FAQs: Psilocybin and Mental Health

As far as mental health breakthroughs go, nothing in recent history has shaken up, or elicited as much excitement, as the new psychedelic renaissance.

Psilocybin (the psychedelic compound in magic mushrooms and truffles) has been scientifically exonerated from its unfair label of ‘dangerous drug’. Studies are showing time, and time again, that the medicinal and therapeutic benefits of psilocybin (and other psychedelics like, LSD, DMT, MDMA, ayahuasca and ibogaine) are poised to change the world for the better, spearheading a mental health treatment revolution. 

Urban Legends And Fake News

However, despite all the fanfare, furore and the cold hard facts, some people still find it hard to accept that a substance that their parents and teachers warned them against could actually be good. Great, even! It’s understandable. Those who never sought out mischief — or just didn’t get the opportunity — have never heard positive stories about psychedelics. About how they can open your mind, free you from anxiety, bring you closer to nature, give you a burst of love, and to top it off are just a wildly good time. Many people just hear the horror stories, urban legends and fake news that flies around — that guy on acid who thought he was an orange! — etc, etc.

Stories like these are patently untrue, but they do do the job of scaring the bejeesus out of teenagers who might be considering taking psychedelics. If you don’t have anyone with the facts to go to, how can you ever learn what’s what?

And so, we’ve collected and answered some of the most frequently asked questions in relation to psychedelics and mental health — in honour of both World Mental Health Day, and in honour of you. Only when you have the real facts can you make an educated and informed decision if psychedelics are for you. Read on while we bust some myths….

Can Psychedelics Cause Mental Health Issues?

A study published in the Journal of Psychopharmacology in 2015, categorically put to bed the idea that psychedelics, like magic mushrooms, can cause mental health problems. In a sample size of 19,000 psychedelics users, researchers found “no associations between lifetime use of psychedelics and increased likelihood of serious psychological distress.”. In fact a link was even found between psychedelic use and good mental health. 

Of course this doesn’t mean that bad trips aren’t possible. If you go into your psychedelic journey feeling uncomfortable or unhappy, you may have a less positive experience. However, this is temporary. There will be no lasting negative psychological effects. And, in fact— people who experience these so-called ‘bad trips’ often report positive changes and feelings in the aftermath.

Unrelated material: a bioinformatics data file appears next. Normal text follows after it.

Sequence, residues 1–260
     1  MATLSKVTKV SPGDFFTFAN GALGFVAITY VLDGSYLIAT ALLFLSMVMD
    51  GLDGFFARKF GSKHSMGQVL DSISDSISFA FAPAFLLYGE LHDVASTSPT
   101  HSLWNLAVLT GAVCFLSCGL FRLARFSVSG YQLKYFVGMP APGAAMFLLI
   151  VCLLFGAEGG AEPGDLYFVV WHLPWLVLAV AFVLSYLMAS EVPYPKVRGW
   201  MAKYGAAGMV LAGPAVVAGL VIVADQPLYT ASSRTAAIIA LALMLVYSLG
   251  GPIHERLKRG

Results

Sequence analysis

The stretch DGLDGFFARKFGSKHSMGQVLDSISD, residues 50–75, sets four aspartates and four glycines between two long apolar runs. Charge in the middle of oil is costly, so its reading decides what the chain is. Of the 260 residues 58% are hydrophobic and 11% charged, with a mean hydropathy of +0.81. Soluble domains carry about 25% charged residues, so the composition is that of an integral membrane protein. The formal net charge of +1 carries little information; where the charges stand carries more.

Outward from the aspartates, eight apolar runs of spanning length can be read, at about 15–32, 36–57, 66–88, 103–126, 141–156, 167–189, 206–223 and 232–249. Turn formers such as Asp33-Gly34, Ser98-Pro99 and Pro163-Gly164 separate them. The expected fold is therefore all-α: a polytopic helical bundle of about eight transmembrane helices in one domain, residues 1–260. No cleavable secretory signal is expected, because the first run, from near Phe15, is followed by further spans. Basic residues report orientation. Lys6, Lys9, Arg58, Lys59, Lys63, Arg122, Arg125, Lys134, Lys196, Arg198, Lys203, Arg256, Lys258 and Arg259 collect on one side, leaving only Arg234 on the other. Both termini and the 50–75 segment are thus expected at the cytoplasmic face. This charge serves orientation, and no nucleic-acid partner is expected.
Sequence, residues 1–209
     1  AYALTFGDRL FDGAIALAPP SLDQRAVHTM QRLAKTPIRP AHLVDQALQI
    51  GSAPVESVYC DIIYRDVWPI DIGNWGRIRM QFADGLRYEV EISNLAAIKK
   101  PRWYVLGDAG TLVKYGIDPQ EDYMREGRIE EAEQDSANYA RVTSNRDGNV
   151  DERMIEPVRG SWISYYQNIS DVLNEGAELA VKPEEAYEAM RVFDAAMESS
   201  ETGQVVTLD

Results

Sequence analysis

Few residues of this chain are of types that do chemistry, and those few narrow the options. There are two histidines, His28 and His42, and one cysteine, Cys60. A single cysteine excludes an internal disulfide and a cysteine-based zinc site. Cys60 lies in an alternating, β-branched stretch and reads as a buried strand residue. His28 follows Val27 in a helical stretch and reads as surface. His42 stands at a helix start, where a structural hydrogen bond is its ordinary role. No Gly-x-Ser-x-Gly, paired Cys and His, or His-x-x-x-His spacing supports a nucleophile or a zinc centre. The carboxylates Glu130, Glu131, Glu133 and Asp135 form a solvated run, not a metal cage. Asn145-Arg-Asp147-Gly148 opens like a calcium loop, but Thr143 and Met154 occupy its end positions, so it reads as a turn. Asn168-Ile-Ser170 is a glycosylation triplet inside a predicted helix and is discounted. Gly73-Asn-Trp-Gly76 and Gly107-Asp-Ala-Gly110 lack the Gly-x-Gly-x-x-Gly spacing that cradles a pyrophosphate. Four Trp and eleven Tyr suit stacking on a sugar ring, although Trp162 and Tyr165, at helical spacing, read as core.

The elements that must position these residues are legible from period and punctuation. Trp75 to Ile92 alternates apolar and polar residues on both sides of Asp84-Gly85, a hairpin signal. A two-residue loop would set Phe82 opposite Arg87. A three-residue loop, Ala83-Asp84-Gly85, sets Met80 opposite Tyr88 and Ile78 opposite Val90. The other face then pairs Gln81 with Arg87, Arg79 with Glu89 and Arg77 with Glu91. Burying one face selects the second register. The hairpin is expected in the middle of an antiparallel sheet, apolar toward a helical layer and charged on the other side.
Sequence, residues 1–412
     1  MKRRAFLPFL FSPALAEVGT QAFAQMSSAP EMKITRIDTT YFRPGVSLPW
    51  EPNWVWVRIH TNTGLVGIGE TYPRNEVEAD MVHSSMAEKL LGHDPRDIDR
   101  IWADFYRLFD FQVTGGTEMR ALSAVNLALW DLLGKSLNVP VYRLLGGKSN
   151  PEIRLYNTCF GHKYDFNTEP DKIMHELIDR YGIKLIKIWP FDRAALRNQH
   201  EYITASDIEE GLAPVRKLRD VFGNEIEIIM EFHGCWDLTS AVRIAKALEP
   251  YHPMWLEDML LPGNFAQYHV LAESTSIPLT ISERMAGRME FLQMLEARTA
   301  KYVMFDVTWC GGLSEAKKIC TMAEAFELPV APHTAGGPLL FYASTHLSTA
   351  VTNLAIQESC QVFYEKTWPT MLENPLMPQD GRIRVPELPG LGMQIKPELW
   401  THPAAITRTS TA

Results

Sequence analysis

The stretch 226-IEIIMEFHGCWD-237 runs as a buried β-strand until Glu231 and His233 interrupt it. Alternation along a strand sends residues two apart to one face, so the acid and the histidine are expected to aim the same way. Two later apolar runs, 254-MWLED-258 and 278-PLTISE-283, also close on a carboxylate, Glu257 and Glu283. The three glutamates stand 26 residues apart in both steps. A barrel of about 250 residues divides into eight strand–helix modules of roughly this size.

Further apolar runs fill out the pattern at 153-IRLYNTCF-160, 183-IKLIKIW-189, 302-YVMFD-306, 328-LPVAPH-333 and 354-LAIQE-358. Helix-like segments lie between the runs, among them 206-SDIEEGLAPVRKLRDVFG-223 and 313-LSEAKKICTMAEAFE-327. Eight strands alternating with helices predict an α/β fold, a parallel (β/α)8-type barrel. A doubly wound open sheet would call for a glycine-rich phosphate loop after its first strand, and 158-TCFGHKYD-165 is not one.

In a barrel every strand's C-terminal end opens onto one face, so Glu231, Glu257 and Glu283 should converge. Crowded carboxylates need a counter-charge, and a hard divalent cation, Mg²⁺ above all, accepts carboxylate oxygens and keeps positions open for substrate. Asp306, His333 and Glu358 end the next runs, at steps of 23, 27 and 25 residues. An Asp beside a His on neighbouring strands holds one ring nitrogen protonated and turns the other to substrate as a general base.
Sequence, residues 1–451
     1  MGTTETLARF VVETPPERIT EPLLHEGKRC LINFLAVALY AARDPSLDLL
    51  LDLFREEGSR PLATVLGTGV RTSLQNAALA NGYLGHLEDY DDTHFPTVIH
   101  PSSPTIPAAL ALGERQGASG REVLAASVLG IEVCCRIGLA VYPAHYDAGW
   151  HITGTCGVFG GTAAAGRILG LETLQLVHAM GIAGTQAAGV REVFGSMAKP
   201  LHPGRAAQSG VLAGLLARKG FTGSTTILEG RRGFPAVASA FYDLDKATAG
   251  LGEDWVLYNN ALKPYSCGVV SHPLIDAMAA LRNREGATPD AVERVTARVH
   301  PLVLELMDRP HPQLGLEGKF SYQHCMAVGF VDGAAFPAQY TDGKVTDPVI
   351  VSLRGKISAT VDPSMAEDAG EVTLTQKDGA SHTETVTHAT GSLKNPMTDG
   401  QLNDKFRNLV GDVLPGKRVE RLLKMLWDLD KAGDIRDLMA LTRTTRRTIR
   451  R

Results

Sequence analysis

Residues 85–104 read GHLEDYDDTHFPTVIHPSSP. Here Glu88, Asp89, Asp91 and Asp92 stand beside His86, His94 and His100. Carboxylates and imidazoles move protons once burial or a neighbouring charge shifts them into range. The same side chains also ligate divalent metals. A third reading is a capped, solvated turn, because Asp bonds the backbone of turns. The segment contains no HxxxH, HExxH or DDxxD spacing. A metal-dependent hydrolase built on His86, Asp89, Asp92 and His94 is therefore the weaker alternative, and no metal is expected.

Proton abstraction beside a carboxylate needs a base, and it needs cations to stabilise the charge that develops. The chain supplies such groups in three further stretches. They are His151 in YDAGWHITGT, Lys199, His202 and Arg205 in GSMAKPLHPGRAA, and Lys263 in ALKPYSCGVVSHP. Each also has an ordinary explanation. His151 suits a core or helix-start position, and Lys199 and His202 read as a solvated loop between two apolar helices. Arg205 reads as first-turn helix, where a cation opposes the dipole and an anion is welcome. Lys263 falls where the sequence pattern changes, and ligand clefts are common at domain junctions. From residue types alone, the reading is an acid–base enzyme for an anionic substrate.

Finally, there is a caveat here. That although psychedelics do not CAUSE mental health issues, they can potentially exacerbate ones that do already exist. For example, if a person suffers from serious schizophrenia it is not recommended that they take psychedelics. Any mental health condition that lessens your bonds with reality is probably not a good fit. But then, if you are someone suffering from schizophrenia it’s probably recommended you do not drink alcohol either. In these cases, caution and common sense is needed. 

Are Magic Mushrooms Addictive?

Despite the common belief that magic mushrooms are addictive, the science shows they are most certainly not. This idea came with the clumsy lumping together of psychedelics with all other drugs such as cocaine and heroin, which are habit forming. In fact, magic mushrooms are now being studied to treat addiction to other substances like nicotine or alcohol. If you need any more convincing, take the esteemed Professor David Nutt’s word for it;

“The United Nations say they’re addictive, the FDA say they’re addictive, the Misuse of Drugs Act says they’re harmful and addictive. These drugs are anti-addictive. They do not cause addiction. One of the reasons they are banned is because people said they were addictive when they’re not; they treat addiction. They don’t cause addiction. The reason they don’t cause addiction is partly because they treat addiction and partly because they produce a very rapid tolerance or desensitization and that occurs so fast that people stop using.”

Are Magic Mushrooms Toxic? 

Again, it’s a resounding NO. While of course people do get poisoned by mushrooms, for example if they are foraging without a guide and mis-identify a shroom — sure. But psychedelic mushrooms like the Psilocybe cubensis from our grow kits are non-toxic, just intoxicating (and that’s a good thing!) In fact a recent study showed that magic mushrooms are the safest recreational drug — you can’t really overdose. Brad Burge of MAPS states;